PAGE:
By Naief Yehya
We are on the cusp of a new era of Mexican cinema in which the bitter reality imposed by the war on drug trafficking is finally being treated as a film-worthy subject, used both as entertainment and to invoke moral reflection. In the past, Mexican cinema has been characterized by decades of implicit censorship of any criticism of the governing PRI party or the military. This new wave of cinema, and the collapse of the archaic structures governing the content, budgets and distribution of movies, coincides with the intensification of a grand-scale conflict: the mutual bloodbath between cartels and the government that has made the civilians daily collateral damage. With so much violence, the Mexican population, confused and terrorized, has lost the ability to understand or act and culture has come to a virtual standstill.
The critical and economic triumphs that Mexican cinema has seen in recent years has help us transition from institutional revolutionary silence to a state of euphoria and complacency that has resulted in cultural standstill. While this moment of chaos could lead to a wave of grotesque narco-cinema that exploits the atrocious violence contaminating society, Gerardo Naranjo (Drama/Mex and Voy a explotar) has chosen a different approach with his latest film, Miss Bala. The movie was inspired by the case of Laura Zuñiga, Miss Sinaloa 208, who was arrested along with a number of members of the Juarez Cartel. The young Laura Guerrero (Stephanie Sigman) dreams of participating in the Miss Baja California pageant. She ends up surviving a shoot-out at a local club, but the friend who brought her there is missing. Instead of escaping, Laura tries to find her friend and winds up involved with the boss of the fictitious Star Cartel, who forces her to work as a driver and mule in exchange for not killing her father and her brother. This same boss later buys Laura first place in the pageant.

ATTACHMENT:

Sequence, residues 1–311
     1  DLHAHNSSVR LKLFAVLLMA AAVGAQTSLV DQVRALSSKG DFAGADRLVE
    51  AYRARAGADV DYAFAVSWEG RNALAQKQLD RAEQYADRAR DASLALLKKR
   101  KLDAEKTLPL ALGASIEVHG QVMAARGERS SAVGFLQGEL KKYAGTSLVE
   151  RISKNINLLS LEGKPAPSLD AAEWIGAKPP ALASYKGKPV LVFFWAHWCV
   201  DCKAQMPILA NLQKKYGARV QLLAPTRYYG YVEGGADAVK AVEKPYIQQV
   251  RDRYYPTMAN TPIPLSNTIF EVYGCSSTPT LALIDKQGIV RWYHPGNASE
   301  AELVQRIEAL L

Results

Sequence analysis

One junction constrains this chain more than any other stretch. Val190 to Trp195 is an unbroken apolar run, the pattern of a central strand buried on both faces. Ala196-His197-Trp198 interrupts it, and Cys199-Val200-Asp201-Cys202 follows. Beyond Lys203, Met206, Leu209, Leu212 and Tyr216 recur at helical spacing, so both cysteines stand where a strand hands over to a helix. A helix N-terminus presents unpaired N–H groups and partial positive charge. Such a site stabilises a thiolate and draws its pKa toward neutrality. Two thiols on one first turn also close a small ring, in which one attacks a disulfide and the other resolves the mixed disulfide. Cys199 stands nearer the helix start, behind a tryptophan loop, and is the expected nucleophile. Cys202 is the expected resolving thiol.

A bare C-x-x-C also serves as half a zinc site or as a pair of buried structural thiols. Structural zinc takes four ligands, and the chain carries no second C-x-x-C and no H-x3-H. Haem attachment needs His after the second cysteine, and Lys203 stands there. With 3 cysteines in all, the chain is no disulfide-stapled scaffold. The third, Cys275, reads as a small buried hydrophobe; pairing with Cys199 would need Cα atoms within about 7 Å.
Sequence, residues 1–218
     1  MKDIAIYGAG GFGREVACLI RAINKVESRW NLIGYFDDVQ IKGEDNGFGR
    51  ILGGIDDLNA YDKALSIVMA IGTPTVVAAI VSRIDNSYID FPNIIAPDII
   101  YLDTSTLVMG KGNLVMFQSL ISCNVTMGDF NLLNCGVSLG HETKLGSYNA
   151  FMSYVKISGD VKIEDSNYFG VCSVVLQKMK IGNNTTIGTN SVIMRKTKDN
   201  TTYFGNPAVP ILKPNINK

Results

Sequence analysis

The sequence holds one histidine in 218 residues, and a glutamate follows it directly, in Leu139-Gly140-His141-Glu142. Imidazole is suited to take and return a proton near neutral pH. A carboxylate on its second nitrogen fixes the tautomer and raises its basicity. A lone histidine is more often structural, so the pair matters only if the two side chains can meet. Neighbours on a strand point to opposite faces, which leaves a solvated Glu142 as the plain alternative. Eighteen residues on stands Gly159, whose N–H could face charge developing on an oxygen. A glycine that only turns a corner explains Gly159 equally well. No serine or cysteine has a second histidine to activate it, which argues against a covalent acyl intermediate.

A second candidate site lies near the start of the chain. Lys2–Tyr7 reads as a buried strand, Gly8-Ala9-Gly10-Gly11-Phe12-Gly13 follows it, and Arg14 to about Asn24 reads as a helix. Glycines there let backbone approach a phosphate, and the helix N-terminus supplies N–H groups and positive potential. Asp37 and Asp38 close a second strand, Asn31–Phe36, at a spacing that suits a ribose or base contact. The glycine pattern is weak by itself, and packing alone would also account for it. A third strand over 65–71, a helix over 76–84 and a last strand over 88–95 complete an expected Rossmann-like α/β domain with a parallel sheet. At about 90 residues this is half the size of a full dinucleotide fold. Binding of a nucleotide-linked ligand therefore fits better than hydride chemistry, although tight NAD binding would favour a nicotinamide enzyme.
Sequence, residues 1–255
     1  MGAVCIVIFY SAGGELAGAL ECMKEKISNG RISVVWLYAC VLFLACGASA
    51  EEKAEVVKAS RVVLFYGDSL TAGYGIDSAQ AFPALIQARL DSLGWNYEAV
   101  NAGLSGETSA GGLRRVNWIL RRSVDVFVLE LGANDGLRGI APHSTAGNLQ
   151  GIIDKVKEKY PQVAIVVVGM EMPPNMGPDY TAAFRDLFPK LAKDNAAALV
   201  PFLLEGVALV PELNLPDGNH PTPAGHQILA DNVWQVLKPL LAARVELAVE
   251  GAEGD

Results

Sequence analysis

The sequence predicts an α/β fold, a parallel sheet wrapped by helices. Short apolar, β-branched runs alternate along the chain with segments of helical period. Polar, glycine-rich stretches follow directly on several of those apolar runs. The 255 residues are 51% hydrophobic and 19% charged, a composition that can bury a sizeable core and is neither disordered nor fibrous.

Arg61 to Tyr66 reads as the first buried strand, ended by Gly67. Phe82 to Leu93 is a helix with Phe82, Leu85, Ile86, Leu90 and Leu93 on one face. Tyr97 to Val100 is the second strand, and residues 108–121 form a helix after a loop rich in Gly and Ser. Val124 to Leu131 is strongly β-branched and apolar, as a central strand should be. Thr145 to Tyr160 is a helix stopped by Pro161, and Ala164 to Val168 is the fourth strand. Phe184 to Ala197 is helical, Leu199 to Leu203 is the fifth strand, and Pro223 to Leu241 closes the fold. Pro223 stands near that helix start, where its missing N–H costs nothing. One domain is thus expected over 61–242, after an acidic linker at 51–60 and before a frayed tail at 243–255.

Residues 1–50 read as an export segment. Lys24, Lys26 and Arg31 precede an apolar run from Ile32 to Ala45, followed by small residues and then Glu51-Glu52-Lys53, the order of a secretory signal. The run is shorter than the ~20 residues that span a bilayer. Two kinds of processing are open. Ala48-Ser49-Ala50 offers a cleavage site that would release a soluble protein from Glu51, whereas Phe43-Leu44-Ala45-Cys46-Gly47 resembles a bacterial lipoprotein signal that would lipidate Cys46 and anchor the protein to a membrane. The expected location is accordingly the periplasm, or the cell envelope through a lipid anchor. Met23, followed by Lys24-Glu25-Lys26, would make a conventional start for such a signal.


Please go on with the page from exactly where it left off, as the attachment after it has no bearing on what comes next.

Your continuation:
Naranjo didn’t intend to do a film that explores the complexities and strategies of organized crime, nor did he originally want to make a film about narco-trafficking. This fact has caused mixed reactions; while there are those who praise the film for its indirect and emotional approach to narco-trafficking, others have accused it of being cowardly, misleading or complacent (especially since the crew had to pay off a local cartel during the filming). Naranjo makes it implicit that the Star Cartel traffics narcotics, but “does not include images of drugs,” as Miriam Canales pointed out in an interview for the magazine, Replicante. What he did aim to show was the condition of the victim, an innocent young girl who finds herself tangled up in an incomprehensible web where power figures operate with criteria that she doesn’t understand, where her free will is irrelevant, and where she risks being sacrificed at any moment and for any reason without anyone to protect her. The only sure thing about Laura, who even loses her name, (baptized “Canelita” by the drug traffickers’ boss), is her vulnerability. Faced with the dilemma of how to tackle such a painful and difficult subject, Naranjo avoids the temptation of sensationalism and opts to show the emotional impact of war neither from the viewpoint of the corrupt authorities nor the criminals.
The main attribute of Miss Bala is not its realism but its almost dreamlike narrative flow in which Laura seems to float from situation to situation. Laura represents the condition of a society paralyzed with fear, shock and often involuntary complacency. There is no redemption and there is no consolatory justice, but there also isn’t a sense of exploitative desperation. What we see is a snapshot of the everyday tragedy that has turned these people into cannon fodder.
Naief Yehya (1963) Industrial engineer, journalist, writer and cultural critic. His work deals mainly with the impact of technology, mass media, propaganda and pornography in culture and society. His most recent book is Technoculture (Tusquets, 2008).